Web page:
Impact of hepatitis B virus infection on the progression of AIDS and mortality in HIV-infected individuals: a cohort study and meta-analysis.

Nikolopoulos GK, Paraskevis D, Hatzitheodorou E, Moschidis Z, Sypsa V, Zavitsanos X, Kalapothaki V, Hatzakis A.

Clin Infect Dis. 2009 Jun 15;48(12):1763-71. doi: 10.1086/599110.

BACKGROUND: The effect of hepatitis B virus (HBV) infection on the natural history of human immunodeficiency virus (HIV) disease remains uncertain. Therefore, a retrospective cohort study was conducted to examine the influence of HIV-HBV coinfection on AIDS development and overall mortality. Moreover, our results were added to those of previous studies in a literature-based meta-analysis. METHODS: Serum samples obtained from HIV-seropositive patients from 1984 through 2003 were retrospectively tested for hepatitis B surface antigen. Multivariable analyses were performed using Poisson and logistic regression models. For meta-analytic purposes, eligible articles were identified and relevant data were abstracted. Pooled estimates of effect were calculated applying fixed and random effects models. RESULTS: The prevalence of chronic HBV infection (documented hepatitis B surface antigen seropositivity for >6 months) among 1729 HIV-positive patients was approximately 6%. The multivariable analyses in our primary study revealed no significant impact of concomitant HIV-HBV infection on progression to AIDS and all-cause mortality. However, a meta-analysis performed on data from 12,382 patients enrolled in 11 studies revealed a significant effect of HIV-HBV coinfection on overall mortality (pooled effect estimate, 1.36; 95% confidence interval, 1.12-1.64). The increased rate of death among coinfected individuals was observed in the meta-analyses of studies conducted both before (pooled effect estimate, 1.60; 95% confidence interval, 1.07-2.39) and after (pooled effect estimate, 1.28; 95% confidence interval, 1.03-1.60) commencement of highly active antiretroviral therapy. CONCLUSIONS: HIV-HBV coinfection seems to affect all-cause mortality, and strategies to reduce liver damage in patients coinfected with HIV and HBV are justified.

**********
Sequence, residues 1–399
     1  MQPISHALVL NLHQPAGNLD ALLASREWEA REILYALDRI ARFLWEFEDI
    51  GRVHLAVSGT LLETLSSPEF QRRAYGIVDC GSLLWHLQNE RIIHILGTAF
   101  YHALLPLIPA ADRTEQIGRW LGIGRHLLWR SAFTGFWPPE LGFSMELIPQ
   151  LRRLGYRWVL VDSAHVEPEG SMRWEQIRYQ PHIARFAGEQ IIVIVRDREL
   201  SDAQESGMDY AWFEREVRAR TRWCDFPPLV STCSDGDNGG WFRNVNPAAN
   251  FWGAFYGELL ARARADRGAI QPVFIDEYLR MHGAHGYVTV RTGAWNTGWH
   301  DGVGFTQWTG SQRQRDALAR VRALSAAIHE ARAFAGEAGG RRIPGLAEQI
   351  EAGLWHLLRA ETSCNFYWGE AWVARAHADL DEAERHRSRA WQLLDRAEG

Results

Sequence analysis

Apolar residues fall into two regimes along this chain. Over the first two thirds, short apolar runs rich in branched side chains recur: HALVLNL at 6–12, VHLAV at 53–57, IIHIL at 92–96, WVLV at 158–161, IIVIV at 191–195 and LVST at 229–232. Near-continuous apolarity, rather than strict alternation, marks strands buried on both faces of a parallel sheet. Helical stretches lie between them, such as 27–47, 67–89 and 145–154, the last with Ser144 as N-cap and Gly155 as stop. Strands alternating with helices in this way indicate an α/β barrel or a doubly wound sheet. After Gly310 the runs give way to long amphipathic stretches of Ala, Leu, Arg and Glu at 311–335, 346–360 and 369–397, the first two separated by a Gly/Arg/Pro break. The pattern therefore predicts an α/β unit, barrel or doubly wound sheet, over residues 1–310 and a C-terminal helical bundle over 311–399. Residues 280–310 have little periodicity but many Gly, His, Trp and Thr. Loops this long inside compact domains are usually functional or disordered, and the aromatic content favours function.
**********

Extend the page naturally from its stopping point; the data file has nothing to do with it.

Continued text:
PMID: 19435436

From MEDLINE®/PubMed®, a database of the U.S. National Library of Medicine.